‘Oh, no. Don’t be moral about this, Odelle. You’re not walking around with a golden halo beaming out of you depending on the power of your paragraph. You don’t come into it, once someone else is reading. It stands apart from you. Don’t let your ability drag you down, don’t hang it round your neck like an albatross.’ She lit another cigarette. ‘When something is considered “good”, it draws people in, often resulting with the eventual destruction of the creator. I’ve seen it happen. So whether you think it’s “good” or not should be entirely irrelevant, if you want to carry on. It’s tough but there it is. And of course, whether I think it’s good should also be neither here nor there. Even more so, in fact. I think you’re worrying too much.’

On this occasion, I don’t think Burton needs to worry at all: The Muse is a good read; it stands on its own and will delight fans of The Miniaturist.

 

Thanks to Picador for the review copy.

Jessie Burton (author of The Miniaturist) at Urmston Book Shop

Urmston Book Shop is a fantastic independent shop in a suburb of Manchester run by Frances and Peter. I discovered it because friends of ours live in Urmston and were adamant that I had to visit. I’ve been spending a fortune in there ever since and was delighted when I found out that they host author events. So far, I’ve seen brilliant events by Rachel Joyce, Anna Hope and, on Wednesday night, Jessie Burton.

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On arrival at the shop, we were treated to drinks and nibbles – miniature macaroons, buns and cakes – made by the talented Cath (@craftystarcakes) who had also made a miniature version of the book shop including figures of Frances and Peter, Jessie signing copies of The Miniaturist and a shopper you might recognise.

photo-22Jessie began by telling us about how The Miniaturist came about. She said she was becoming frustrated as an actress and spending more time working as a PA in the city than acting, so she wrote her first novel and sent it out to agents. She realises now that it wasn’t fully finished but she received some positive feedback and that was enough for her to keep going.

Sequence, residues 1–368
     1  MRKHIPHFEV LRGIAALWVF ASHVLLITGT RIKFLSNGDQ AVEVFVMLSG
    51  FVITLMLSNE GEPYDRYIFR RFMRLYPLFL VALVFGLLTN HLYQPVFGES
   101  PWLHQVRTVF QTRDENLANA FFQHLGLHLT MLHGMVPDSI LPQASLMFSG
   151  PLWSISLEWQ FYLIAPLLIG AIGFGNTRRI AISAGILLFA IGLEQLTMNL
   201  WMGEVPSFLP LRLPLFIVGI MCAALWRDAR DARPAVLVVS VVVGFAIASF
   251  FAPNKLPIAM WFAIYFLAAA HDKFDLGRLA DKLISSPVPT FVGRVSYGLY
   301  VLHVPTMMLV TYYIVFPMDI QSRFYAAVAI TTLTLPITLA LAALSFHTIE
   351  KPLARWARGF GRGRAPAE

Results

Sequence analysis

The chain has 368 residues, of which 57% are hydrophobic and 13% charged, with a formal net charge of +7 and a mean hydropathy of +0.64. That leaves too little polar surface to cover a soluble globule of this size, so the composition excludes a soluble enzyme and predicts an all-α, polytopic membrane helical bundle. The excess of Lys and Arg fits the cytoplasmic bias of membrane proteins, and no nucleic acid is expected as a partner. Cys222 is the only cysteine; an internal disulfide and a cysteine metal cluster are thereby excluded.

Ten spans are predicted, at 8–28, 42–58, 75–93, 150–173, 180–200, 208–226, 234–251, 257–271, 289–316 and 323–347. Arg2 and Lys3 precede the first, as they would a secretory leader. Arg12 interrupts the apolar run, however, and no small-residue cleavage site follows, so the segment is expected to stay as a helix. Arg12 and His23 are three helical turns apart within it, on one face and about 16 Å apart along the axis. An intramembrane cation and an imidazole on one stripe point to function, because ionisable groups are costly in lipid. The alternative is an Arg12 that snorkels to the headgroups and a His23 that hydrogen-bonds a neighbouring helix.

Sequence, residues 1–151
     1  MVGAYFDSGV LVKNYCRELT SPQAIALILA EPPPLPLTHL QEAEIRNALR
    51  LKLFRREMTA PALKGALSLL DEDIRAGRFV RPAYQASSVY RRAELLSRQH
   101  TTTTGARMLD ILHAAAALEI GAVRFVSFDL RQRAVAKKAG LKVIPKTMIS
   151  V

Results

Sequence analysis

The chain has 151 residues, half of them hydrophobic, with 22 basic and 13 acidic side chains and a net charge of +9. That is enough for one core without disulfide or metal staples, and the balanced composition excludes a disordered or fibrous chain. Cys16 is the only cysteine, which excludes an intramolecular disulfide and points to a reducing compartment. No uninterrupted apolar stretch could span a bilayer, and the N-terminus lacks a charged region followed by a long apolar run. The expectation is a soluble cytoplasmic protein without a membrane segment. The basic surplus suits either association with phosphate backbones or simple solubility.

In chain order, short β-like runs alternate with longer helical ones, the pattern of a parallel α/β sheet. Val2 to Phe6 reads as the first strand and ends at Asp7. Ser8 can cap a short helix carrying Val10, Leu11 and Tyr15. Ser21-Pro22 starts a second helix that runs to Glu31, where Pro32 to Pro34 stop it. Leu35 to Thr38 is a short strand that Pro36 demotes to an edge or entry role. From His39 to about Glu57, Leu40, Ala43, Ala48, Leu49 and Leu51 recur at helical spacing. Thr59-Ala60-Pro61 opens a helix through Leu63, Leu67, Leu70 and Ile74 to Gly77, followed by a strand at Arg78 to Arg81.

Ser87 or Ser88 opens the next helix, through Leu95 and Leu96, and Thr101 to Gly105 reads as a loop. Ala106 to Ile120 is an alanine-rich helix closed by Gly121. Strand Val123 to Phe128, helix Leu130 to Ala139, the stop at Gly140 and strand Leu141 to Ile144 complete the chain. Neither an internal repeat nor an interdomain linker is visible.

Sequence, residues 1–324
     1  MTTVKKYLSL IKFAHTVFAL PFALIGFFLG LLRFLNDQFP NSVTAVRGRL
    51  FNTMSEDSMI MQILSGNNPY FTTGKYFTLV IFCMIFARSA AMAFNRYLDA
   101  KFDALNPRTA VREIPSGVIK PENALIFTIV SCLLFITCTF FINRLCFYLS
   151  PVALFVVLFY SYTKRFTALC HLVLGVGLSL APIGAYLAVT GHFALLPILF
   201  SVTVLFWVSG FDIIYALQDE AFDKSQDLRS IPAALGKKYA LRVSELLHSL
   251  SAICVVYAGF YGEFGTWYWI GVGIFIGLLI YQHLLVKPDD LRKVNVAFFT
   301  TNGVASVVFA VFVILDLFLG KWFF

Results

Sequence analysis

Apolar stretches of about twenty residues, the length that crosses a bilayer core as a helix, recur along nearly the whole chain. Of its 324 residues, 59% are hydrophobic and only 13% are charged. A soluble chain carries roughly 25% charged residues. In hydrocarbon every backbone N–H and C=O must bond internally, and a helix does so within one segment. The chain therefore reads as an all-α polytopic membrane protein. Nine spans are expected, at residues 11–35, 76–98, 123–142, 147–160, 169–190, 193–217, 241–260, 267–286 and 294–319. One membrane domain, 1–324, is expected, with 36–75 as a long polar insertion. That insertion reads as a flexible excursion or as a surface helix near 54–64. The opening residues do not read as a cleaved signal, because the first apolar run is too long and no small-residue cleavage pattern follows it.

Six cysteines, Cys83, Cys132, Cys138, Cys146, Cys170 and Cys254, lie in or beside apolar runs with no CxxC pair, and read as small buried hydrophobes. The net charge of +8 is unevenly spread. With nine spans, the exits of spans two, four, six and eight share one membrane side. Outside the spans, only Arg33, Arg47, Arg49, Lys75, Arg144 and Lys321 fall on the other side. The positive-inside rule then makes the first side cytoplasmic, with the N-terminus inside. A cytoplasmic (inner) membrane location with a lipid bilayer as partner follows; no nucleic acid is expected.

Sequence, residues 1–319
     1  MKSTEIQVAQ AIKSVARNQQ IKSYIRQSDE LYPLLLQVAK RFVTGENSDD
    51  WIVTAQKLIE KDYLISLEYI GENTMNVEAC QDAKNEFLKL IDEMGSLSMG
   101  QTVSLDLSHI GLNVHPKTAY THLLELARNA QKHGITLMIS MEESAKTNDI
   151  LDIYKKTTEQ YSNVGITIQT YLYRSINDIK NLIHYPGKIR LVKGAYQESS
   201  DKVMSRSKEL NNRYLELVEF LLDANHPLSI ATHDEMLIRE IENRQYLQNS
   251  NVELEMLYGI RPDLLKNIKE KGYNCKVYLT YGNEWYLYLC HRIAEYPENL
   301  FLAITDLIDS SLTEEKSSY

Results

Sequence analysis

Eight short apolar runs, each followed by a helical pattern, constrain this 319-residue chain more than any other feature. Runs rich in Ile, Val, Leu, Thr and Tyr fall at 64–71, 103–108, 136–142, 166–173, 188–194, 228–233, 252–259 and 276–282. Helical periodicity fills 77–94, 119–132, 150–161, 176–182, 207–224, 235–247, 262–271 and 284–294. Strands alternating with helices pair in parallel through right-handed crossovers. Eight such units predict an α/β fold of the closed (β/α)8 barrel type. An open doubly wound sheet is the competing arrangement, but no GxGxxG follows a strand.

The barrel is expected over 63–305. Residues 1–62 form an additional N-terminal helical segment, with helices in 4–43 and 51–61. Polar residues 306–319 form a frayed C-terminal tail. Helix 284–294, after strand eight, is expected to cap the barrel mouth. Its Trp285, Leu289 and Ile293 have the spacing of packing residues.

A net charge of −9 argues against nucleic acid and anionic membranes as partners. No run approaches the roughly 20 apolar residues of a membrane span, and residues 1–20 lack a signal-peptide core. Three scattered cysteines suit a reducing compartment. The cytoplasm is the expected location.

In 2009, she went on a trip to Amsterdam that would become the catalyst for The Miniaturist. During the visit, she went to the Rijksmuseum and saw the dolls’ house that belonged to Petronella Oortman. Jessie described the house as beautiful and intricate – there are rooms that you can’t see in it – but it was when she looked in the guide book and discovered that the house cost the same as a real house to build (£5–6 million) that it became really interesting to her. Why would anyone spend that much money on a dolls’ house? Jessie saw it as a symbol of power but one that comes with a lack of control over real life.

As Jessie began to research, she saw how this fit with life in Amsterdam at the time the house was being constructed. The 1680s was a corrupt period. The Dutch had the first global empire and the first multinational company with the VOC (the Dutch East India Company). This led to a disparity between surface life and private life and piety and hypocrisy. These tensions led Jessie to an idea: Petronella arrives in Amsterdam with a birdcage. She pushes open the door to the house; the interior is dark and grand. Standing in the shadows is another woman. There will be a power struggle between the two.

Jessie said she looked at a lot of paintings from the time – she described Amsterdam society as early Facebookers, documenting their lives in paintings and – for the very rich – replicas of their houses. The paintings showed characters who are unable to operate in wider society. Marin – the other woman in the scenario above – understands the compromise people make to survive – and even though Amsterdam was a more liberal city than most at that time (women could walk the streets unaccompanied and widows could run their dead husband’s businesses), there were still elements that had to remain hidden. Jessie posed the core of the book as a question: Can you control your life and if you can’t, how do you handle that?

IMG_0193We were then treated to a reading of the chapter, ‘Barge’. I use the word treated because Jessie’s a joy to listen to. Afterwards, questions from the audience were taken. Jessie was happy to talk about elements of the novel as well as the writing process.

How much time did you spend in Amsterdam?

Two trips that added up to just over a week. The second, she returned with a list of things she needed to find out. She did say ‘the internet’s a wonderful thing’!

Is it strange to think that the first trip’s had such a big impact on your life?